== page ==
Those who work in development know this story very well. Many of the training programs that are developed in the health cooperation have little success because the staff migrates once the training is over, leaving the populations with most needs without staff to assist them. The proportion of health workers in many African countries is ridiculous compared to Europe: 2 doctors/1000 inhabitants in Africa to 33 doctors/1000 inhabitants in Europe - and Europe keeps attracting African staff! Although this capture is worldwide, some countries absorb most of the foreign staff. The United States, Canada, United Kingdom and Australia use 69% of the overall foreign doctors working in OECD (Organization for Economic Co-operation and Development Countries).

Carlos Mediano, federacion2@medicusmundi.es
Federation of Medicus Mundi Spain

 

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Related Network report: HW4All
Health workforce shortages and international mobility in the EU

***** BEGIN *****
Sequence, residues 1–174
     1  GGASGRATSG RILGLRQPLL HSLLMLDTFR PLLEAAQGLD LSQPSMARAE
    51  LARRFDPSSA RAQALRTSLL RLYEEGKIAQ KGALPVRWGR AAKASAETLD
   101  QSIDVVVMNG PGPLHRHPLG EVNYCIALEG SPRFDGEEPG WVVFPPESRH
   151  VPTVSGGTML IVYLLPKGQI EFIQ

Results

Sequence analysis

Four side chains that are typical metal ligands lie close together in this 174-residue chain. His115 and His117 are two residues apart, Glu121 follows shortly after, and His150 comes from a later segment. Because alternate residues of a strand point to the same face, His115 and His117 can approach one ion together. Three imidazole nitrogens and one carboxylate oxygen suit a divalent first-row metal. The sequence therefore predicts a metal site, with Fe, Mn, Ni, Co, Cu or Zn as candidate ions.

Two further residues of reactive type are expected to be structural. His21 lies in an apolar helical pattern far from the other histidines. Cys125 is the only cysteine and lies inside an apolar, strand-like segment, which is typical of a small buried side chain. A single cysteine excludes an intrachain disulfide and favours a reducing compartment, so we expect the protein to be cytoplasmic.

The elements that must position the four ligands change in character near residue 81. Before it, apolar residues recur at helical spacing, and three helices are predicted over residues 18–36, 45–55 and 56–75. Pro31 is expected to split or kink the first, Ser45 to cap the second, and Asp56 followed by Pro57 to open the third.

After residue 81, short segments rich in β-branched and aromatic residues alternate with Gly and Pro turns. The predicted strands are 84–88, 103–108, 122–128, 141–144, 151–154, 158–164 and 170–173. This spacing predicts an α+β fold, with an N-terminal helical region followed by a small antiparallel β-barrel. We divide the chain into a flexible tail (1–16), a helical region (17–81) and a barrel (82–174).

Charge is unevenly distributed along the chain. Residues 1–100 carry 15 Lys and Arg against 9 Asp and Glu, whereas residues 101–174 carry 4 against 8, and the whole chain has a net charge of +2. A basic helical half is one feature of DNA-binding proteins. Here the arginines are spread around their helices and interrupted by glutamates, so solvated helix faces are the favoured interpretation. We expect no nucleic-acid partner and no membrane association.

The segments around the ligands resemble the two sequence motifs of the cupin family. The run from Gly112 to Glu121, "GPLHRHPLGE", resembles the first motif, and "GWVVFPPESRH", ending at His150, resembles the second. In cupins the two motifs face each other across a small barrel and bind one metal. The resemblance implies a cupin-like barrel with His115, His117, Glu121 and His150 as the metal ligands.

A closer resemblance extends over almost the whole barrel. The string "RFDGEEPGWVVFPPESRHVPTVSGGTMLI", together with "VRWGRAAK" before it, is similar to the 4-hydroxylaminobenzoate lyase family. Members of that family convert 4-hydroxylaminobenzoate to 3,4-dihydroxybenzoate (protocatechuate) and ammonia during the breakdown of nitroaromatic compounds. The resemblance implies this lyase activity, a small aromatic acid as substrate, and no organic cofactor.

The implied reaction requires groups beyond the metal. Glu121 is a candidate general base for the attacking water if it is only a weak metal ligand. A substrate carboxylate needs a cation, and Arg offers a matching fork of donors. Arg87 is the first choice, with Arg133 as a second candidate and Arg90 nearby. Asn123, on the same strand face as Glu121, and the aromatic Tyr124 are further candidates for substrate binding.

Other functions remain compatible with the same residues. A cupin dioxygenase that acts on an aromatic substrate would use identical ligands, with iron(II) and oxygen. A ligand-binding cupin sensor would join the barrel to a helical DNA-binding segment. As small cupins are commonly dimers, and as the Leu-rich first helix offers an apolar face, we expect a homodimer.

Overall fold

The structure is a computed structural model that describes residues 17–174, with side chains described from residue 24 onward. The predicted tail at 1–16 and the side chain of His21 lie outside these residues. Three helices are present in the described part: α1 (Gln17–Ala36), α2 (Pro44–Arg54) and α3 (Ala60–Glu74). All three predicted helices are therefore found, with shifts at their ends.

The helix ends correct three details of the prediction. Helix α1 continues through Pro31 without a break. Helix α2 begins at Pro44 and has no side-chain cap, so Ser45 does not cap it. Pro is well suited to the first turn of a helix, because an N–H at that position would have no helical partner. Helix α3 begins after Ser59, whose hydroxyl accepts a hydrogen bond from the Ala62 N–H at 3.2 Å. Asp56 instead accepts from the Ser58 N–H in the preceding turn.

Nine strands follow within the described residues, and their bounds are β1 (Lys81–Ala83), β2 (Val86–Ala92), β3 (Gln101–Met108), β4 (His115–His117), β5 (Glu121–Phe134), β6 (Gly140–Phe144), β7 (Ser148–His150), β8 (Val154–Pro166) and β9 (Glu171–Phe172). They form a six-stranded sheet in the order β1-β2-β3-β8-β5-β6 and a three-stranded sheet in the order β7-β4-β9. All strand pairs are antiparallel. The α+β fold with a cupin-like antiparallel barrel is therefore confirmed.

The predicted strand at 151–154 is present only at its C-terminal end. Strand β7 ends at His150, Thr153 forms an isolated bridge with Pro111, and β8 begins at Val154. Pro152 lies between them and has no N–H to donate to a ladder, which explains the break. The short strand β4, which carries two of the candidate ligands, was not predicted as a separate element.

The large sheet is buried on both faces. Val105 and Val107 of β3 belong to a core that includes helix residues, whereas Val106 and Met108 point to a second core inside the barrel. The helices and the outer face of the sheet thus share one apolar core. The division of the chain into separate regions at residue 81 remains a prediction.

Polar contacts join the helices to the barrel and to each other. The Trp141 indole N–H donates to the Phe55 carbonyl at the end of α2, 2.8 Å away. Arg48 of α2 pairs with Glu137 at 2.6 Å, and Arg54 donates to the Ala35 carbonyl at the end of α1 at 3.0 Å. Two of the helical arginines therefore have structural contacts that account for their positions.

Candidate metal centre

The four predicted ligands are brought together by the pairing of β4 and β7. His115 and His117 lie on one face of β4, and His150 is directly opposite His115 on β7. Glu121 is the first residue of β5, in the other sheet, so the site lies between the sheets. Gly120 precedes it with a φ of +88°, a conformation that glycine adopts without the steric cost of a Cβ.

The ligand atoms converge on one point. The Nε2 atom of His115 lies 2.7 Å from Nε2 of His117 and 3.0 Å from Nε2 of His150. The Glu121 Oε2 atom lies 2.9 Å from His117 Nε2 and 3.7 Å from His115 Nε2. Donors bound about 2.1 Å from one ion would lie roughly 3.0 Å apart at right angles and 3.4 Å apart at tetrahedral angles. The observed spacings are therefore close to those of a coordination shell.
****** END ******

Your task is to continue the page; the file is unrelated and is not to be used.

A report published by the European civil society project «Health workers for all and all for health workers» (HW4All) warns of an impending crisis in Europe which will have a global impact. The report analyses trends in the international recruitment of health workers in the European region and highlights three cross-cutting issues: Human Resources for Health planning capacity across the European Union; fiscal space for health workforces in the context of the economic crisis; and health workforce mobility and trade in services. (The HW4all project includes various MMI Network members and the MMI secretariat)